WP3 – Inner Magnetosphere Dynamics:
This work package will conduct extensive modelling of space weather events in the inner magnetosphere and carry out research to improve existing radiation belt models. It will focus on modelling of inner magnetosphere drivers (including full distribution, median and percentiles) for a space weather service dedicated to the Earth radiation belts which is to say: parameterization of cold plasma density (today, the main limiting factor to evaluate accurate wave-particle diffusion coefficients) by solar/IMF parameters from WP2 through predicted geomagnetic activity indices (note that electromagnetic waves intensity and propagation angle from previous EU-FP7 projects, such as SPACECAST and MAARBLE will be used and will be augmented by wave observations at LEO from the recent European Swarm mission); prototype of an operational model of diffusion coefficients (mean, median and percentiles values to address uncertainties in radiation belt dynamics). So, this work package will conduct the improvement of both the existing Salammbô electron radiation belt model and the data assimilation tool according to new definition of interplanetary drivers as well as inner magnetosphere ones. In the purpose of a space weather service that would provide forecast capabilities, special cares will be made to quantify the benefits gained thanks to these improvements to produce high fidelity nowcasts of the state of the radiation belts. Finally, based on these assembled physics-based bricks, prototypes of an operational data assimilation tool and Salammbô code for use in WP4 will be achieved.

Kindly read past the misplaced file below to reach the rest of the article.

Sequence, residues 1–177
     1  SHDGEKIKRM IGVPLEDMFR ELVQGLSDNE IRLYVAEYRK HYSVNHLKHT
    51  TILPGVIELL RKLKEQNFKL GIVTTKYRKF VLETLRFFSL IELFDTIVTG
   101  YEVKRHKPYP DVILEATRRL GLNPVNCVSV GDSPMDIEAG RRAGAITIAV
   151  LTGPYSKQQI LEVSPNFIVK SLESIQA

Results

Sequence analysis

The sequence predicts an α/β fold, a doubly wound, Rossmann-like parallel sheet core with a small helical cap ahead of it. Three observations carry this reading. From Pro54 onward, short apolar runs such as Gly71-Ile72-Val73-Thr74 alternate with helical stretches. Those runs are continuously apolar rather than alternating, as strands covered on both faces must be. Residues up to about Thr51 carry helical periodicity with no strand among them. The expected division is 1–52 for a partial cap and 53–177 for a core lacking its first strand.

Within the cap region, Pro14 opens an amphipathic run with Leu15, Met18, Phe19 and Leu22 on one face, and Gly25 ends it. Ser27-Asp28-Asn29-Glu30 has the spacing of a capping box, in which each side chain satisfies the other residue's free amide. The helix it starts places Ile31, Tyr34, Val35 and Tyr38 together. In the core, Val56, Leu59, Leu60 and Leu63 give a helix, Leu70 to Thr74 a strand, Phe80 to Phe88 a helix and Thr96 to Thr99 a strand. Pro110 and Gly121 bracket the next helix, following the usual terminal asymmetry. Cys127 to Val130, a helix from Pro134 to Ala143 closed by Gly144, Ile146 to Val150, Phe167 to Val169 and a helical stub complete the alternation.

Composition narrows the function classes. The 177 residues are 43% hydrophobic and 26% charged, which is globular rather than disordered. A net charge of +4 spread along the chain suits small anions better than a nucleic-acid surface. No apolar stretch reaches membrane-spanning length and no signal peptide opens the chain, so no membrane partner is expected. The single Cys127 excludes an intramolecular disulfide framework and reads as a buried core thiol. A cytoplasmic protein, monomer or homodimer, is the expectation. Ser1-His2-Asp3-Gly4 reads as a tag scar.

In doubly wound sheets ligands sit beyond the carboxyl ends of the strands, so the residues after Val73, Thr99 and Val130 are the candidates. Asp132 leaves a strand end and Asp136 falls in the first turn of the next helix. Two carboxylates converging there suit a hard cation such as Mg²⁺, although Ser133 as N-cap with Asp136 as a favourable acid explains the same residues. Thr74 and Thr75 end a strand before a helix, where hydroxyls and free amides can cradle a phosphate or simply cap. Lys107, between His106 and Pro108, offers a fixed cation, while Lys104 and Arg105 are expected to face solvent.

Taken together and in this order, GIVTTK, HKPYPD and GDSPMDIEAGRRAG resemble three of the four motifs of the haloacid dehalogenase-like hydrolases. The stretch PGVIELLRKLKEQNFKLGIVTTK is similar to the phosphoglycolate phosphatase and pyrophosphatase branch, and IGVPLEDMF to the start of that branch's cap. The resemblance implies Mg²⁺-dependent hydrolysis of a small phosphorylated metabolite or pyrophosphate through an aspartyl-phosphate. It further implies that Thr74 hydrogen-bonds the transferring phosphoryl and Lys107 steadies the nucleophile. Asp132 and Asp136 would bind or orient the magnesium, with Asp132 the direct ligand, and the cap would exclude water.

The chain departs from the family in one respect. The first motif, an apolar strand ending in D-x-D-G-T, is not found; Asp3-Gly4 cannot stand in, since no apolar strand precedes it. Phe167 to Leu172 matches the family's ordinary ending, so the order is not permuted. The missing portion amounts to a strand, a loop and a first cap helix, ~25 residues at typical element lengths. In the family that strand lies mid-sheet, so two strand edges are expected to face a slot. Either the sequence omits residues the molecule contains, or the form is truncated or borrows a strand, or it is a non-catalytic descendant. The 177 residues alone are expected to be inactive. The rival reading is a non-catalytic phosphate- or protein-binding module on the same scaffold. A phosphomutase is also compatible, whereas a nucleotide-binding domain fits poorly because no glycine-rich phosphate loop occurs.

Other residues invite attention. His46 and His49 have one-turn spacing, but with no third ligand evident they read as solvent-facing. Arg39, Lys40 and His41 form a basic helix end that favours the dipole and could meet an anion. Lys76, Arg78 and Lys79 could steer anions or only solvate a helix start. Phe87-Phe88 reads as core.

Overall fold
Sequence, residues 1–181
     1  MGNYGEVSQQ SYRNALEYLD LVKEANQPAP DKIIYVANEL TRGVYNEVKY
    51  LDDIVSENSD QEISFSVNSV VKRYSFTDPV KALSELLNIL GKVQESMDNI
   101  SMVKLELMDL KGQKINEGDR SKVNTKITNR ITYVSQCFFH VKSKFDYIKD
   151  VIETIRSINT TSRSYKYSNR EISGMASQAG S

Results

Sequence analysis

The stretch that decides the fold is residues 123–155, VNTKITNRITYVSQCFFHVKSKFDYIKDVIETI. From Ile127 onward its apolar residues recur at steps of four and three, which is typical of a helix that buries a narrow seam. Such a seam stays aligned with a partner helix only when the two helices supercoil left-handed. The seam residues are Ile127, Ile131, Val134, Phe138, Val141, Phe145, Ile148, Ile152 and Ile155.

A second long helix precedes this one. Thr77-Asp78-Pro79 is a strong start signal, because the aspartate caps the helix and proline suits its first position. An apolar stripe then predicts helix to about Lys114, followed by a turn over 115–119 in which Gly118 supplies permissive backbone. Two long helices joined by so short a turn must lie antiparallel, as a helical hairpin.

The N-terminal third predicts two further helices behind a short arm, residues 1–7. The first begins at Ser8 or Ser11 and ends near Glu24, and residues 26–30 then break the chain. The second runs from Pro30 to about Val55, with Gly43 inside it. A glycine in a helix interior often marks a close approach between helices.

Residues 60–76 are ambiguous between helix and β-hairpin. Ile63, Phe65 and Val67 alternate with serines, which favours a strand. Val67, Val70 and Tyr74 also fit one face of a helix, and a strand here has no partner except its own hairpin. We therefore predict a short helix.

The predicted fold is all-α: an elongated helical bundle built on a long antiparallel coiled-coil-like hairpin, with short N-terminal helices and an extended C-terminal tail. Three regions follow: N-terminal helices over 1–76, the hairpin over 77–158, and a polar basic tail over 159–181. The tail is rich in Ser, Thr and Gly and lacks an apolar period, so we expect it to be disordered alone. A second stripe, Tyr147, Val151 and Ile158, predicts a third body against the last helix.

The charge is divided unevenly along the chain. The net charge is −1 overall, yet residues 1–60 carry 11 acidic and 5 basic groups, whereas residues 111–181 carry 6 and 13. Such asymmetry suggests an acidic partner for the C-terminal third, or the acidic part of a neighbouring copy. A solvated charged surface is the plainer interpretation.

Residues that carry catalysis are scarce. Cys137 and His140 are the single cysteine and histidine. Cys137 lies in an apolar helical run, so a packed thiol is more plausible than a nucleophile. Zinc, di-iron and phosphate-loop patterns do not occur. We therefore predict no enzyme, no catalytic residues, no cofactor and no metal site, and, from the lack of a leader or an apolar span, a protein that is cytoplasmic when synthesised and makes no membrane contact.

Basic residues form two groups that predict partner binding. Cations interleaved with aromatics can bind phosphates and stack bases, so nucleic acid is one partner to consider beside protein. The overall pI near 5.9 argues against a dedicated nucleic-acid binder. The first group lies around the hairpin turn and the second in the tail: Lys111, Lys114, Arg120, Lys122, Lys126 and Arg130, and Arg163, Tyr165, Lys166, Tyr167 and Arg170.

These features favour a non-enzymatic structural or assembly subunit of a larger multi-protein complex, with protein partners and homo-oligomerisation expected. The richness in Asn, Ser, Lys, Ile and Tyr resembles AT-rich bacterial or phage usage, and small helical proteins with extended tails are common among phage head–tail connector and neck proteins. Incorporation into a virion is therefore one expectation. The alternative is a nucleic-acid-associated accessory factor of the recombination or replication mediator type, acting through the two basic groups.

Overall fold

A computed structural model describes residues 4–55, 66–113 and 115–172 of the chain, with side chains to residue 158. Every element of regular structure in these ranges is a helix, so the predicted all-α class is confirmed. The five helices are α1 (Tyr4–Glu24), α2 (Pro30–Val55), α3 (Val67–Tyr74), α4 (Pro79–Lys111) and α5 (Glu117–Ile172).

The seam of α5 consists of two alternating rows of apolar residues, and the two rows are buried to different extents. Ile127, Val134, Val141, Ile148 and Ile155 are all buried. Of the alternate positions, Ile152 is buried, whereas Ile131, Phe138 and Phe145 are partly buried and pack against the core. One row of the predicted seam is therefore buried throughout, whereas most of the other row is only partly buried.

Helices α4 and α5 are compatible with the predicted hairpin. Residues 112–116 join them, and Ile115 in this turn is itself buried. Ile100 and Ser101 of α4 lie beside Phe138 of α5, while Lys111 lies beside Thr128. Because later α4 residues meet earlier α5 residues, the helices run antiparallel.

WP4 – Space Safety Service:
This work package focuses to the implementation of a space weather prototype to provide products and parameters outputs matching the end users’ requirements. It will define a space weather end-user service and relevant products, dedicated to Earth radiation belts. It will focus on prototyping a web-based electron radiation belts nowcasting and forecasting tool, taking into account solar/IMF as well as internal magnetospheric dynamics from WP2 and WP3. It will provide radiation belt activity indices and an early warning system to fulfil end-user requirements.
WP5 – Evaluation and Exploitation: